Introduction to a Poet: Rich Follett
Rich Follett loves words. Deeply. If you understand this, then the brilliance
of his poetic career ~ interrupted by a thirty year hiatus ~ makes sense. In those fallow years, as a minstrel of renown in the beautiful Shenandoah Valley, a respected actor and a highly recognized English teacher, the word never left him ~ not for a moment. He is indeed a Renaissance Man in every sense of the phrase.
When he began writing again in 2009, the Literary world was immediately put on notice.
While many writers ‘just write,’ this artist is intimately familiar with his relationship
to poetry; his own voice and the voices of many, many others.
“I perceive poetry to be the pulse of our human condition, expressed in words specifically chosen to elicit visceral and intellectual responses rooted in images springing from our imprinted collective memory … [It] is the literary equivalent of DNA – the human genome expressed in lines and spaces. The poems we create are as individual as the fingerprints we leave on everything we touch; the key is that we must touch in order to leave something behind.”
Follett’s voice is distinct in many ways ~ mastery of language and a stunningly unique narrative style are but surface descriptors. Asking Rich about influences brings a flood tide response. In adolescence alone, there was ‘the impress of Dylan Thomas, Walt Whitman, e. e. cummings, William Carlos Williams, Carl Sandburg, Ogden Nash, Mae Swenson and Emily Dickinson.” Perhaps most telling is his moving description ~ a true prose-poem ~ of his formative experiences:
“The seeds of my poetic identity were sown in the lilt of my Canadian grandmother’s lyrical voice – every syllable she uttered, no matter how mundane of purpose, had a musicality that struck my childhood ears like a silver bell. My mother, an English teacher with a devastating, quiet passion for language, instilled in me a love of words for their own sake – a sublime beauty unexpectedly borne of centuries of utilitarian communication. I will remember always the fiery, faerie trace of her cigarette in the dark as she sat across the living room in magical, coveted moments before bedtime, enumerating for me the virtues of whichever words had caught her fancy in the day’s reading. Her understated, smoldering revelation of the divine mystery of the power of words captivated me then as it does today.”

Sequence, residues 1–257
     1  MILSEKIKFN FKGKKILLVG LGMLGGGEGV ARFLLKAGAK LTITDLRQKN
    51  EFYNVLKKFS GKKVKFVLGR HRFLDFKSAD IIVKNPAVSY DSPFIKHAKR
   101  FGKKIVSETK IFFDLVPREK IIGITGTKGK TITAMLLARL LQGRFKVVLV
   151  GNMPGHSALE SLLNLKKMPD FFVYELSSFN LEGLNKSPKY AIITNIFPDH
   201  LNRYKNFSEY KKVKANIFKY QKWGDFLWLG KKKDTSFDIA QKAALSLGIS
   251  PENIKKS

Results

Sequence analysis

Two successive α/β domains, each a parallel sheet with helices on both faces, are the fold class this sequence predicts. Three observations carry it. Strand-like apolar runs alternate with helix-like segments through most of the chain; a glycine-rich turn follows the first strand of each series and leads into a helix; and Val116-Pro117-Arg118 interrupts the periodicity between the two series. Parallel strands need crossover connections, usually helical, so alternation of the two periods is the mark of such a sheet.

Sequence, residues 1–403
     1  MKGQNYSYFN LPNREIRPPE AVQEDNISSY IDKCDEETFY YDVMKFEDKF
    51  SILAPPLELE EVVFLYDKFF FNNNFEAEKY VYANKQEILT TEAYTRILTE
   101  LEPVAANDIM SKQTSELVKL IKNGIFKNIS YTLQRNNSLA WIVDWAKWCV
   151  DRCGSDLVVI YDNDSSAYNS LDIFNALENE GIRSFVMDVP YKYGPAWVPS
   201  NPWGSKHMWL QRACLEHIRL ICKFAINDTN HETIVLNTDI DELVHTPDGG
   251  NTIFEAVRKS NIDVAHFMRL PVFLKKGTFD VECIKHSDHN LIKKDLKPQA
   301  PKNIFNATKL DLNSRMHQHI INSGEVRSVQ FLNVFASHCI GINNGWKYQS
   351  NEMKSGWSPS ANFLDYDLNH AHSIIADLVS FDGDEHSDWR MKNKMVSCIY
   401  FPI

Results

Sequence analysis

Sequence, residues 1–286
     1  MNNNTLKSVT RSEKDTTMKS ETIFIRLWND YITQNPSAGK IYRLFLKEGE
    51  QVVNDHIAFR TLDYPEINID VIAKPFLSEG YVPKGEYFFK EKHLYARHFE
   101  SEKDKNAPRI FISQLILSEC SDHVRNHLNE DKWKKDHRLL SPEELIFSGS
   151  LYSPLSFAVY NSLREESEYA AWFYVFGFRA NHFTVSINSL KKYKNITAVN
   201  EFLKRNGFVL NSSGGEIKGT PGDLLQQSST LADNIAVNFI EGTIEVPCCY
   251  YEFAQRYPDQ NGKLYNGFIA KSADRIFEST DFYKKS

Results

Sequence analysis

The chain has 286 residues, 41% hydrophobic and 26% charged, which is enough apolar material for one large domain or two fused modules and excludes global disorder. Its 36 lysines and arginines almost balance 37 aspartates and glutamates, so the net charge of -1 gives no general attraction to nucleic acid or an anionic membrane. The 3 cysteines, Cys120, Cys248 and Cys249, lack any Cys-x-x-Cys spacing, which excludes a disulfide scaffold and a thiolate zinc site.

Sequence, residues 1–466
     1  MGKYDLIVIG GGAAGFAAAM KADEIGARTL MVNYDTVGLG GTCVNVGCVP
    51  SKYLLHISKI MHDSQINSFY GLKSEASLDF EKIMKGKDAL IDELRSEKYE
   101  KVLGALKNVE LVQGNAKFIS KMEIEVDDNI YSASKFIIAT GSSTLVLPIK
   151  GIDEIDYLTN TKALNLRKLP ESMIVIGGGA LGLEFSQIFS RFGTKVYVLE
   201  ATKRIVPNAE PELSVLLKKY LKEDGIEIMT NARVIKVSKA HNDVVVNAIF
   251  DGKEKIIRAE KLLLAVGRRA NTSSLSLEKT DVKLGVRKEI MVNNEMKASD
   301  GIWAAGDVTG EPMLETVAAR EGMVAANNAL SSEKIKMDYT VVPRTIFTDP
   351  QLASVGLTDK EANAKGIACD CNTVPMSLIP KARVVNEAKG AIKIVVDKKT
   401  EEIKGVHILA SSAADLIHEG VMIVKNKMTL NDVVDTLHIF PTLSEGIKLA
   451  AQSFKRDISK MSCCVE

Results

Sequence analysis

An excerpt from his poem Epic illustrates not only his inherited love for words, music and inborn story-telling prowess, but also his vast corpus of knowledge and characteristic whimsy:
Three booths down
at the Chinese buffet
eyes, cerulean (flecked with brine);
his essence imposing, burnished, severe and commanding
(even when hunched over crab legs).
An Anglo-Saxon warrior in t-shirt and jeans;
out of place and time,
apparition and archetype all at once –
corporeal String Theory and living Literature
materialized in a single skipped heartbeat.
Not so much sculpted as hewn,
his bulk and heft evinced
snapping sinew and cataclysmic combat –
an image borne not of aerobics and Évian
but by preternatural victories wrenched from the maw of Doom.